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NFL Combine: 3 Winners, 3 losers from Sunday’s drills

The third day of this weekend’s combine is done and all defensive front seven players have done their work. Time to see who’s helped and who’s hurt themselves.

The offensive players are all through with their drills at the NFL Combine, and now the defensive front seven are completed. All that remains are the defensive secondary players who will take the field Monday. There were plenty of winners and losers on Sunday as the defensive lineman and linebackers measured out and did their drills. Both defensive end and defensive tackle are heavily athletic ability-dependent positions both in terms of draft status and in terms of NFL success. Linebacker isn’t as dependent as the others for NFL success but is very correlative to draft slotting. These players’ performances are heavily scrutinized by NFL front offices, so let’s take a look at who helped and hurt their cases the most.

Big Winners

Solomon Thomas, DL, Stanford

If you, as a Detroit Lions fan, had any hope that Solomon Thomas would slip to the 21st overall pick and the team could snatch him up, the combine is going to put a kibosh on that pretty quick. As shown above, Solomon Thomas measured better at DE than Khalil Mack. But he’s a DT, you say! He also measured out better as a DT than Aaron Donald did. Solomon Thomas was rated in the 20s earlier in the year because people didn’t quite realize how good he is. Now they know and he could be off the board in the second or third picks. Why not first? Because Myles Garrett’s RAS currently sits at 9.98 for DE: The second best of all time. And he was already considered the top player in this draft class.

Jordan Willis, DE, Kansas State

Jordan Willis has gotten a bunch of attention this offseason from Pro Football Focus, who have him rated out as one their best players coming into the draft. His athletic potential was always there, but I don’t think many realized just how much. His 1.54 10-yard split (shown as 1.58 above since the prelim numbers use only the players’ first 10 split) was the best at the combine since Cliff Avril in 2008, and second best since 1999. Incredible explosion scores and agility drills wowed evaluators at the combine and his stock is set to rise.

T.J. Watt, LB, Wisconsin

The Wisconsin linebacker has been in and out of first round consideration for months now with some thinking his tape has put him in that general area in its own right and others claiming it’s birthright that seems to have clouded people’s evaluations. Whichever is true, putting up a top tier combine performance can do nothing but help your chances at getting drafted earlier. It’s pretty lofty to think that Watt can live up to big brother’s career expectations, but Watt is a good linebacker and, as we are now able to show, an elite athlete.

Big Losers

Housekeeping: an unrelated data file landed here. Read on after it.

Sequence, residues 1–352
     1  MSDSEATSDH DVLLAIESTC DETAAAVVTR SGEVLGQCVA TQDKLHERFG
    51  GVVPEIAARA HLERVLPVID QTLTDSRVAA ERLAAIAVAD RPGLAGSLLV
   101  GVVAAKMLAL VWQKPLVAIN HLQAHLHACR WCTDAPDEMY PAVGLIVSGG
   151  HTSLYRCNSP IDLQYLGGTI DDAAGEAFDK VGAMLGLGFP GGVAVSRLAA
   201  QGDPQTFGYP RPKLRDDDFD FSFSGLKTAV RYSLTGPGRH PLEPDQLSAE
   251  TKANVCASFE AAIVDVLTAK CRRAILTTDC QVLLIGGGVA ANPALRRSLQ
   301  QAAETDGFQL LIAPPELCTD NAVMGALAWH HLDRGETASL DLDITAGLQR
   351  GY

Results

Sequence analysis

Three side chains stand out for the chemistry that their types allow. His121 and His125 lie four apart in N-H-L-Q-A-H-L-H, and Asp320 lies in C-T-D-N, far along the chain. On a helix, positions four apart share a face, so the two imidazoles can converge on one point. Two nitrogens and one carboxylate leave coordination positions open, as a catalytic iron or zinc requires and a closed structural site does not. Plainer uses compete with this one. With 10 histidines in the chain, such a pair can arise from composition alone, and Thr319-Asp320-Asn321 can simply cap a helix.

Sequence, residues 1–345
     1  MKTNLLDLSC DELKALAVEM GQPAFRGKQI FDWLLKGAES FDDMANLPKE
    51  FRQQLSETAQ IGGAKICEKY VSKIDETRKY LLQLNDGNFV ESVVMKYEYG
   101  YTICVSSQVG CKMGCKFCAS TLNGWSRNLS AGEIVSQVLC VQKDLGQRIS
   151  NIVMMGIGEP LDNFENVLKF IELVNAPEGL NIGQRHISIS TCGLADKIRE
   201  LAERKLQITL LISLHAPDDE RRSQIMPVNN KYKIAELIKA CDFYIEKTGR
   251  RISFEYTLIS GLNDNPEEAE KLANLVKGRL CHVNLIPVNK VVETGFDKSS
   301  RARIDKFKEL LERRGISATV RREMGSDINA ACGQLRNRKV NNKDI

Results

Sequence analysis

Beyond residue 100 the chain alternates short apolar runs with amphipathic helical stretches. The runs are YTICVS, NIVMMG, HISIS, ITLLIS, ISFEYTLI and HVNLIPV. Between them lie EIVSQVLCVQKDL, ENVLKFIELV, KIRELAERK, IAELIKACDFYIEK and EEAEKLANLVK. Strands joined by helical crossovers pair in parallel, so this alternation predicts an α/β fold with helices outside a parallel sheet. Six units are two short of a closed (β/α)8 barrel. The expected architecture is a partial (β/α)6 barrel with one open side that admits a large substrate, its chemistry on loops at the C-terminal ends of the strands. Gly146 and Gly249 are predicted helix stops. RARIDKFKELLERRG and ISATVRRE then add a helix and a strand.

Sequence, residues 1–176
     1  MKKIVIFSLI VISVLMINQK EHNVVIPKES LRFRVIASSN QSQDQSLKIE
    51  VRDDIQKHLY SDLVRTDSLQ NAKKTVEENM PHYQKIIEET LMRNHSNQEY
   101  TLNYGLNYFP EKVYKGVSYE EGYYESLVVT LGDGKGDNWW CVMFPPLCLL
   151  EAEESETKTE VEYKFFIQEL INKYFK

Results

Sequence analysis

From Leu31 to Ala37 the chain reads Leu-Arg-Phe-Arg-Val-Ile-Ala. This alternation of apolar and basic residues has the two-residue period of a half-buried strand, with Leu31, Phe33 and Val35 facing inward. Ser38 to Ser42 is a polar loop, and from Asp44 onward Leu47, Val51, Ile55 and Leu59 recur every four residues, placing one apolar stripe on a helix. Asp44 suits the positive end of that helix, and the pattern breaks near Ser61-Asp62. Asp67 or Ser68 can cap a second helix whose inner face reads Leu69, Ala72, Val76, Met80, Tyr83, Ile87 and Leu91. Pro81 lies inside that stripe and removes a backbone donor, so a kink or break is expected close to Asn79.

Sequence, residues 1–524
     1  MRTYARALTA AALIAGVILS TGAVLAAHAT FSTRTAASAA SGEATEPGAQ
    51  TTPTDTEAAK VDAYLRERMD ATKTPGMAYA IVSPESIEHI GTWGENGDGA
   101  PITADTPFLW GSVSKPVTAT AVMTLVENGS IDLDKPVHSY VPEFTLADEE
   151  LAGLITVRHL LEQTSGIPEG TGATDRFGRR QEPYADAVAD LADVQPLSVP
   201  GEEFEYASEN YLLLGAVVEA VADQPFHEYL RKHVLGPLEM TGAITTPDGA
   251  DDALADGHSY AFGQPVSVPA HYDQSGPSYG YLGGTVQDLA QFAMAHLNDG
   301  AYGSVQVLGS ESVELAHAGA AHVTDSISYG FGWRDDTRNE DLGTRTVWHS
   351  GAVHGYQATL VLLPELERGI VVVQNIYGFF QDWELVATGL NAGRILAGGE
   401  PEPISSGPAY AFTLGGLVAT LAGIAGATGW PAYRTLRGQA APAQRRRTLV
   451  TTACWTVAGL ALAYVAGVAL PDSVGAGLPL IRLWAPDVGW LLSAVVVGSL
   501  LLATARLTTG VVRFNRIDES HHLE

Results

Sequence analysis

Charles Harris, DE, Missouri

Pass rushers who made the Pro Bowl had an RAS over 5.00 more than three times as often than those who had a score of below average. If that wasn’t glaring enough, 22 of the 41 pro bowlers who qualified for RAS, more than half, had an RAS in the elite 8.00-10.00 range. That’s twice as many (nine) as had a score below 5.00. Only three Pro Bowl DE had a RAS lower than Charles Harris. Two of them were 3-4 DE (who often measure much better as DT) while the third was Michael Bennett, who went undrafted. Having a poor RAS isn’t going to torpedo a player’s chances of getting drafted highly or becoming great, but it’s going to make the former less likely and the latter more difficult.

Caleb Brantley, DT, Florida

Caleb Brantley is one of the most mocked players to the Lions in the first round this offseason. He has drawn comparisons to Nick Fairley and other interior pass rushers as a disruptive and explosive player off the line who sometimes has trouble remaining consistent. The combine didn’t show an explosive player, and while he posted slightly above average agility numbers, those aren’t really an area that he’s consistently won with. We’re left with more questions than answers, and defensive tackle has the same basic Pro Bowl rates for RAS as defensive end does. Only two DT have made a Pro Bowl with a lower RAS than Caleb Brantley. One is Kyle Williams, who was drafted over a decade ago, and the other is Jurrell Casey who was drafted in the third round.

Takkarist McKinley and Tim Williams, DEs

I know, I’m cheating by naming two. Fast and explosive, both Takk McKinley and Tim Williams only needed to post alright agility numbers to put their numbers well above average or even elite. Both came into the combine billed as some of the best athletes in the draft, but neither was able to impress much. They’ll both end up above average for their final grade once factoring in their final splits, but these are two guys I expected to be in the 8.50+ range. That both will likely finish below 6.00 RAS is disappointing to say the least. Both measured out with speed and explosion scores that are good, but neither exceeded expectations in any area. The value of each was late first round and while neither did anything to push themselves down at the combine, they are each facing other questions off the field that a stronger athletic showing could have mitigated.

This post first appeared on Pride Of Detroit, A Detroit Lions Community, please read the originial post: here

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NFL Combine: 3 Winners, 3 losers from Sunday’s drills


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